Fedster warns on risky housing loans

Fed’s Bies warns on mortgage, real estate lending Thu Feb 2, 10:16 AM ET

WASHINGTON (Reuters) - Regulators are concerned about heavy commercial real estate exposures and risky mortgage lending practices at U.S. banks, Federal Reserve Board Governor Susan Bies said on Thursday.

“There are certain rapidly growing business lines in banking operations that are placing pressures on risk-management systems,” Bies told a financial services industry conference as she outlined guidance regulators have issued on commercial real estate and so-called nontraditional mortgage lending.

In discussing the guidance on exotic mortgage products, such as interest-only loans, Bies repeated that government regulators were concerned risk-management practices had not kept pace with the risks that these widely available loan products could present.

She also cautioned those risks could be “heightened by a downturn in the housing market.”

Bies said that in the past such products were normally offered to higher-income borrowers only, but they now were being extended to low-income borrowers in the subprime market.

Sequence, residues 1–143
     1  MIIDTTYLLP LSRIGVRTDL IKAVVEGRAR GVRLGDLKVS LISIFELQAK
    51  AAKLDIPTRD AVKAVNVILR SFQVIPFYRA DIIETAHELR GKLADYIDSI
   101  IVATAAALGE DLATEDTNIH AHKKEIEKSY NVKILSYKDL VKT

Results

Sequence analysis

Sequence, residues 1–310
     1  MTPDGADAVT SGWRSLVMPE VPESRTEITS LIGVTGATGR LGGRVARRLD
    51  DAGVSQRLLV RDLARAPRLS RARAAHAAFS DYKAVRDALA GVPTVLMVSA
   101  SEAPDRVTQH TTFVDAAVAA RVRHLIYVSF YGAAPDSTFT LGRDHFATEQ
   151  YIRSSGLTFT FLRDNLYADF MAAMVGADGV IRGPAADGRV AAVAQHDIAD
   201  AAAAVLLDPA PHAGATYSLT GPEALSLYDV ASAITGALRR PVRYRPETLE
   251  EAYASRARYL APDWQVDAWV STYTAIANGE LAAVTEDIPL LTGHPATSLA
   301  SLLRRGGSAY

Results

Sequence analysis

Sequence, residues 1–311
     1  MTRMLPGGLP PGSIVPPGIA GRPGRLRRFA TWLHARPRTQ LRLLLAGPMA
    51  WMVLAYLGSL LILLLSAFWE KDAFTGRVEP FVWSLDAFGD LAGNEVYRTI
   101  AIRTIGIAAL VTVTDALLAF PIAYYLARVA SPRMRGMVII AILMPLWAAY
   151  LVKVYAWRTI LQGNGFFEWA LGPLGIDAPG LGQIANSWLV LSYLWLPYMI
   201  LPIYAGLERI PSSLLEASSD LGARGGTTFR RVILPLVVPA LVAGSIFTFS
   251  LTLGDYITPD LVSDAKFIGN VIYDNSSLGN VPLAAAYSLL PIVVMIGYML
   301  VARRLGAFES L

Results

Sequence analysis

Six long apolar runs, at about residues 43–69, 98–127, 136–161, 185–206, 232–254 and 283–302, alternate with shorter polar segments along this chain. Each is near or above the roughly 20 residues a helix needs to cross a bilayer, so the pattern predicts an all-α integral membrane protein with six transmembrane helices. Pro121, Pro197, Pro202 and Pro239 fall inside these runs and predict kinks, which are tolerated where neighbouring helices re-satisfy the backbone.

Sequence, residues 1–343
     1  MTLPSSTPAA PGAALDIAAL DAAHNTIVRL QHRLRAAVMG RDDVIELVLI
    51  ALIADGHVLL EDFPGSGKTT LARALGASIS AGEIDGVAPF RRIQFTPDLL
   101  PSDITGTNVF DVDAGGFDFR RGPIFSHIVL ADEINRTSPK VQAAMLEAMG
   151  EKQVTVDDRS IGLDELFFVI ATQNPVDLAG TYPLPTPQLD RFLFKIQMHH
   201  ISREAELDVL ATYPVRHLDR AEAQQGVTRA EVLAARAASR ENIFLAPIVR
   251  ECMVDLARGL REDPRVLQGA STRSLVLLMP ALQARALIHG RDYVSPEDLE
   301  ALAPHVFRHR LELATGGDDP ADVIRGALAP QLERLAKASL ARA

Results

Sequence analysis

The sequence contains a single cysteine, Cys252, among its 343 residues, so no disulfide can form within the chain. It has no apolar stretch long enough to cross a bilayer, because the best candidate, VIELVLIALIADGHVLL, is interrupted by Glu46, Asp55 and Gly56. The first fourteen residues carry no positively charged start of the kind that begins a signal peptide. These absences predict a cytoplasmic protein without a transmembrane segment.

“These borrowers are more likely to experience an unmanageable payment shock at some point during the life of the loan, which means they may be more likely to default on the loan,” she warned.

Bies also expressed worry that banks could face difficulties if abnormally low risk-spreads in capital markets increased. “When risk spreads return to more ‘normal’ levels, banks need to be prepared for the resulting impact on liquidity and pricing,” she said.

Bies added that regulators had observed that lenders were increasingly combining nontraditional mortgage loans with weaker controls on credit exposure.

“The absence of traditional underwriting controls may have unforeseen effects on losses realized in these products,” she said.


Bies also warned on growing commercial real estate exposures, saying the Fed and other regulators were worried risk-management practices at some banks had not kept up with growth in this “highly volatile asset class.”

“A bank with significant concentrations may need to both strengthen its control environment and hold capital well above regulatory minimums,” Bies said. “In certain cases, it may be prudent for an institution to reduce its concentrations.”

Bies said that was especially the case since lending in recent years had occurred “under fairly benign credit conditions and, naturally, those conditions are unlikely to continue indefinitely.”

She also told the group “a primary concern” for regulators was the potential for banks to face legal and reputational damage if they failed to comply with the Bank Secrecy Act and other anti-money laundering controls.

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